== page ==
2

I have a very active PostgreSQL 10.4 DB, dealt with through SQLAlchemy, so SQL is not my forte.

Among its tables, there are master with a primary key id and some nonindexed string column value, and slave with a foreign key mid towards master.id. The table master is just a bit short of 100M rows and is very frequently accessed by the app (usually several times per second, but always just a few rows at a time), while slave has roughly double that and is accessed in a similar manner.

I want to do two things:

  1. Delete from slave and master:

    delete from slave
        using master
        where
            slave.mid = master.id
            and master.value in ('some', 'set', 'of', 'values')
    delete from master
        where value in ('the', 'same', 'set', 'of', 'values')
    

    SQLAlchemy didn't create any cascade delete rules for master, so I cannot just run the latter of the two queries, as it causes a foreign key constraint violation.

  2. Update master:

    update master
        set value=<case expression>
        where value in ('a', 'different', 'set', 'of', 'values')
    

The number of rows to be deleted is estimated to be few millions (maybe a mil or 2 mils; certainly not much more).

I have another constraint that I'd like to keep (but could ditch it if absolutely necessary): a dry run is done the same way as the live execution, except that I call rollback instead of commit. So, for example, doing the update top would end up in an infinite loop if I kept rolling back after each call.

The above codes work nicely on a small DB used to just test if the code works as intended, but they are super-slow on a copy of the production DB. So, my first issue here is the performance.

My second issue would be locking, because the production is hit a lot and it would be nice to be able to do this seamlessly, without causing any downtime and/or timeouts for the app.

This got me to start thinking about doing deletes/updates in batches, but this goes beyond my knowledge of PostgreSQL (or SQL in general). How can I get these to work the way I want them to?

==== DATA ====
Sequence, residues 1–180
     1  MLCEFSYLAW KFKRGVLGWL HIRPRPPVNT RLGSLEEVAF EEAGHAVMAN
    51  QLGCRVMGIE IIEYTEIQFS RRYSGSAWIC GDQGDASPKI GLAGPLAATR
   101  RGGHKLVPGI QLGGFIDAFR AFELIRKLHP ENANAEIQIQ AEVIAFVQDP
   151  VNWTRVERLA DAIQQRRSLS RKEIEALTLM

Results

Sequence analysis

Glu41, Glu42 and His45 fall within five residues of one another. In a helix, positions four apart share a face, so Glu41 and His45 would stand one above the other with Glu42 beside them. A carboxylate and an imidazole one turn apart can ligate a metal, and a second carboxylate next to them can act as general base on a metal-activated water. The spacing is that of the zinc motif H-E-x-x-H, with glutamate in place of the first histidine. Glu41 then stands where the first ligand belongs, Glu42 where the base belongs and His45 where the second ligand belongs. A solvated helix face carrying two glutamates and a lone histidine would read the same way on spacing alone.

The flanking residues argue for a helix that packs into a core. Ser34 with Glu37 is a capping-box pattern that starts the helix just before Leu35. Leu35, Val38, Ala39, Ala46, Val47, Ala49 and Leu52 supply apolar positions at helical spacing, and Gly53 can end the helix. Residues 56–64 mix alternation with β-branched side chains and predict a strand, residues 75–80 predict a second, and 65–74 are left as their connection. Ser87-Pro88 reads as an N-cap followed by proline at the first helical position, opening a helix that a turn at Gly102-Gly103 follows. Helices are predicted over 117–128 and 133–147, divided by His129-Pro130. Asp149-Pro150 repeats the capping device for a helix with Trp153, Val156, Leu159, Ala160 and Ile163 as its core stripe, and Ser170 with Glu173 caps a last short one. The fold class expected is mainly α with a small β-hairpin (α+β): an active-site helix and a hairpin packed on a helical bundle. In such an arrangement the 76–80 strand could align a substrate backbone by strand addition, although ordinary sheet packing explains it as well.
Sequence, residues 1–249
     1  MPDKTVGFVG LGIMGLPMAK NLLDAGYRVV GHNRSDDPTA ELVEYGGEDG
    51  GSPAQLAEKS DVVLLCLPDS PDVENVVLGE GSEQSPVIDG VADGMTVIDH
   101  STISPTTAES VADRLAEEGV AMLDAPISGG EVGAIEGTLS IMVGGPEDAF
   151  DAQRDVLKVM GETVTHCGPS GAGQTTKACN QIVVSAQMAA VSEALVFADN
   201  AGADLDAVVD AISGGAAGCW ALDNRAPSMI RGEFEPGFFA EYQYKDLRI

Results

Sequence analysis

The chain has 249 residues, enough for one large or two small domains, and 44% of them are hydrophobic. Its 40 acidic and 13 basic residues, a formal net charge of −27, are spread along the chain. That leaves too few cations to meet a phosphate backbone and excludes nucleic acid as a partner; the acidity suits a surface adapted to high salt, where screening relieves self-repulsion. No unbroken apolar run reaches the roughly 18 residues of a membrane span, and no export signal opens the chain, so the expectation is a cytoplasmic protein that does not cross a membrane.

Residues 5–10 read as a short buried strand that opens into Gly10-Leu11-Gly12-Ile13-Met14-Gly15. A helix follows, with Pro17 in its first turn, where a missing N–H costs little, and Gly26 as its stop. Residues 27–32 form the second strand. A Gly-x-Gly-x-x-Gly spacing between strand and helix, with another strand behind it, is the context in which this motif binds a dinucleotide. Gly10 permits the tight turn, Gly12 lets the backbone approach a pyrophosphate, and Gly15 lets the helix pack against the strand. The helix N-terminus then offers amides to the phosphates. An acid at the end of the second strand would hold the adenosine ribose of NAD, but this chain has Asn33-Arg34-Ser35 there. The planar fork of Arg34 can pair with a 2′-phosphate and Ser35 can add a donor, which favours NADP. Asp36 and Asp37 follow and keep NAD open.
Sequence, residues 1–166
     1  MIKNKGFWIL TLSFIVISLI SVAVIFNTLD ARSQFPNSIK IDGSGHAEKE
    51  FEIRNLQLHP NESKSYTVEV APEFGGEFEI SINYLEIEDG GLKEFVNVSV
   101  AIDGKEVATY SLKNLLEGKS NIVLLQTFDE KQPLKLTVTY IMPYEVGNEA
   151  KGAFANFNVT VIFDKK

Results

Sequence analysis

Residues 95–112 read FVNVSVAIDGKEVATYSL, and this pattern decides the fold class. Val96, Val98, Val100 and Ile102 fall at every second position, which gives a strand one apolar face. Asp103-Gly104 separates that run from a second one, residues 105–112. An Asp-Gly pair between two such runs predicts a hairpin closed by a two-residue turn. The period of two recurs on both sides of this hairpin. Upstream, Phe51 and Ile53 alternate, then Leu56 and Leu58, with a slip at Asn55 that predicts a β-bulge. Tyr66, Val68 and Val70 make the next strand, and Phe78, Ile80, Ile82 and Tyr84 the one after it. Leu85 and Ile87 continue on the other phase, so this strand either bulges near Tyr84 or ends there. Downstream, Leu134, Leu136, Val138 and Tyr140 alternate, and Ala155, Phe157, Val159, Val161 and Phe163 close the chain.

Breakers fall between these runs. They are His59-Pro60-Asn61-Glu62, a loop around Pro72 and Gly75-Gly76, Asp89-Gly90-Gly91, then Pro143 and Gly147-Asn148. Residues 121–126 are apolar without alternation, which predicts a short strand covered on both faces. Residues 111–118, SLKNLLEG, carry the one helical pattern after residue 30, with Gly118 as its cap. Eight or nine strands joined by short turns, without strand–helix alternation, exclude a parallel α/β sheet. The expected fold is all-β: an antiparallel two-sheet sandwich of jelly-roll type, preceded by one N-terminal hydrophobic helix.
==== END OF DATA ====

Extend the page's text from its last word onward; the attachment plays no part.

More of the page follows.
Edit

After some consideration, I altered the slave tables (there is two of them) to delete on cascade, which solved the deletion problem. There is still an issue of efficient updating, most likely in chunks.

  • A delete won't lock any rows (as there is nothing to lock once they are gone). Other transactions can still access (select, insert, update, delete) that table, provided they don't try to e.g update the rows that are being deleted. – a_horse_with_no_name Aug 22 '18 at 11:03
  • @a_horse_with_no_name Yes, the locking is only an issue with the update, i.e., the second thing that I need. Still, my delete queries take more than 1hr (until I kill them, so I don't know the exact time) which seems far too long and I'm obviously doing something wrong here. – Vedran Šego Aug 22 '18 at 11:08
  • You refer to "the update top". What is that? Since you already have a copy of production to be used for testing, why don't you do the dry run there? Doing a dry run by rollback in production is expensive, and also not very effective as you can't really evaluate the outcome very effectively when the changes are invisible to other sessions. – jjanes Aug 22 '18 at 14:09
  • @jjanes My mistake; update top(number) exists for other DB(s?), Microsoft's, for example. I meant a similar functionality. As for dry runs, this code is supposed to be run from time to time and I wanted to have a simple dry run option without copying the prod DB each time. Also, running it like this gives me a good impression of what would happen with the real run, with all the other load of the app (which is not present when running on a copy). – Vedran Šego Aug 22 '18 at 15:10
1

A delete with an IN condition might be faster than the JOIN:

delete from slave
where mid in (select master.id
              from master 
              where master.value in ('some', 'set', 'of', 'values'));

delete from master
    where value in ('the', 'same', 'set', 'of', 'values');

Another option that might be faster is to delete both tables in a single statement. This can also be used to delete multiple slaves.

with removed_master (id) as (
  delete from master
  where value in ('some', 'set', 'of', 'values')
  returning id
), remove_slave1 as (
  delete from slave_one
  where mid in (select id from removed_master)
)
delete from slave_two
where mid in (select id from removed_master);

This works as the foreign key constraints are evaluated when the statement is finished, not when each individual row is deleted. This has the additional benefit that you have to specify the "master values" only once.

  • Actually, I have two slaves. Can the latter be extended to delete operations from two tables (the same condition applies to both of them)? – Vedran Šego Aug 22 '18 at 11:11